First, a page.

Cacomixtle: A Chimera’s Story of Transformation, Rebirth, and Becoming Whole, Part 1
Most all of you have a sense of who Kiva is from her emotive and illustrative writings, her personality and perspectives… but she’s not always been all that she seems, nor all that she truly is and can be, and some of us recognized – even before she did – the precious vulnerability and resilient innocence alternately frolicking and hiding beneath her confident Bear-like posture. From the time she was a hurt young child, she has been trying to both understand and heal her self through the process of writing. In a way, she has been attempting for over two decades to write the following piece, in her most authentic voice, and now it is done. And now she is able to be wholly and openly her true self for the very first time! This two-part post calls upon us neither to pity her for any suffering, nor exalt her for her arduous recovery of her true nature, but to find in her example the inspiration to be as honest in our own self explorations, as courageous about embodying and sharing who we really are, and as determined to fulfill a role that makes use of all the crap and magic, hurt and healing to help others.
-Jesse Wolf Hardin
A Chimera’s Story of Transformation, Rebirth, and Becoming Whole
by Kiva Rose (“Ringtail”!) Hardin
“I will tell you something about stories. They aren’t just entertainment. They are all we have to fight off illness and death. You don’t have anything if you don’t have stories.”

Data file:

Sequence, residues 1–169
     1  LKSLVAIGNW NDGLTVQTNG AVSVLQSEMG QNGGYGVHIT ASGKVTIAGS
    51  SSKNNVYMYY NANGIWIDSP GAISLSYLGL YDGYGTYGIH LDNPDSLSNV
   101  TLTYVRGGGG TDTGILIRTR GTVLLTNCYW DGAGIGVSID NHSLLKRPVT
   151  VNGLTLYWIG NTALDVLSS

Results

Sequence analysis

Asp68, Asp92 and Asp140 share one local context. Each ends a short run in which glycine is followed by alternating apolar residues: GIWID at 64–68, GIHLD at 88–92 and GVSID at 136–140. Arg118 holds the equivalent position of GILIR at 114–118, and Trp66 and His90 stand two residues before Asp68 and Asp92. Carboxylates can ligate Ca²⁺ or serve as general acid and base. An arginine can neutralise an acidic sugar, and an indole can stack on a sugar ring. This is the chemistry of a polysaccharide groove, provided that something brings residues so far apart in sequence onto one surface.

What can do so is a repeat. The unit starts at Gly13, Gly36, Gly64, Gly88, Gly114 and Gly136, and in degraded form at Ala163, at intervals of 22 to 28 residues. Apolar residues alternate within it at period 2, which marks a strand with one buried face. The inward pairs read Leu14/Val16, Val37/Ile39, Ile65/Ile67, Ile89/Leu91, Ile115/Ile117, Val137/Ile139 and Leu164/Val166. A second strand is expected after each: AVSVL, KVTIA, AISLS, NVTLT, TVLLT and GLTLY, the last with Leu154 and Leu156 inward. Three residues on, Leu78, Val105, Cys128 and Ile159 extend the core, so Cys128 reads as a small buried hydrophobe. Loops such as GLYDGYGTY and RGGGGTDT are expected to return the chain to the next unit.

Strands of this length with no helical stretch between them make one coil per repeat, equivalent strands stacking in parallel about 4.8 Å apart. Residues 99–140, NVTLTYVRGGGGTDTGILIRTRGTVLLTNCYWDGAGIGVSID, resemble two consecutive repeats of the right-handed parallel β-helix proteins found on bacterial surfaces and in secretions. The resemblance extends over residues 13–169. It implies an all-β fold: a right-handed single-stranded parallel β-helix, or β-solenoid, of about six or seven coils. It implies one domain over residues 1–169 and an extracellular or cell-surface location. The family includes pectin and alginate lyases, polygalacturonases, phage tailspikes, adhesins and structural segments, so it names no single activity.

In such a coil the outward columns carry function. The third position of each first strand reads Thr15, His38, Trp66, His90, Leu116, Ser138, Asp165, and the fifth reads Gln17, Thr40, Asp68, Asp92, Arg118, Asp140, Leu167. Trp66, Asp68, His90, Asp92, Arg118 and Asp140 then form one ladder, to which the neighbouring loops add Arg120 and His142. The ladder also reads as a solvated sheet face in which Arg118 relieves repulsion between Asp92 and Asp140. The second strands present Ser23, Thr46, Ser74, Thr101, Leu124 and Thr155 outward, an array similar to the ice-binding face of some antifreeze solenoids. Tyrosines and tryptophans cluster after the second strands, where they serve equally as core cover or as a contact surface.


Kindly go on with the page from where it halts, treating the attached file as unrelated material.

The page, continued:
- Leslie Marmon Silko
In the quiet of late evening, the red spotted toads trill their mating songs by the river while the Poor-Wills pick up the chorus, and several species of Owls call down into the canyon from their treetop perches. Hooves can be heard clattering against the stones as Mule Deer make their way down from the mountains looking for sweeter grass under the waning moon. And in the canopy of Evergreen Oak growing from the canyon wall, a smaller creature may be seen running head-first down a tall tree trunk. On silent paws, she moves through the understory of Cholla cactus and Redroot with her large fox-like ears twitching, taking in the sounds of her home. Up the rock face she leaps, purposefully sniffing out favorite berries and the occasional scorpion for a snack on her way. Once to her favorite spot on the cliff, she spreads herself out on her belly, a long black and white banded tail waving behind her as she rests on the cool stone. With a single wild gooseberry between her white paws, she sings out to the night, plaintive barks interspersed with small chirps that could easily evoke a bird if you didn’t catch site of the little animal that lays on the cliff singing to the crescent moon. Even if you did catch a glimpse, you might still wonder just what she was – perhaps a desert chimera made up of fox, cat, coon, squirrel, and mink.
Desert Chimera: The Medicine of Wholeness
“The truth about the world, he said, is that anything is possible. Had you not seen it all from birth and thereby bled it of its strangeness it would appear to you for what it is… a medicine show, a fevered dream, a trance bepopulate with chimeras having neither analogue nor precedent…”
Nestled high in the arms of a Juniper tree – its shreddy bark warm under my bare feet as I lean back against the branch, gazing out into the canyon’s brilliant azul sky through the blue-green foliage – I feel more at home than almost anywhere else. The red and black basalt of the steep arroyo glitter with inset quartz below me, and I can smell the butterscotch sweet scent of the Ponderosas Pines around me. Errant breezes bring the fragrance of the sacred sage, Estafiate, from the base of the mountains. The occasional blue-bellied lizard scurries past me on the branch, and chipmunks chide me from neighboring trees.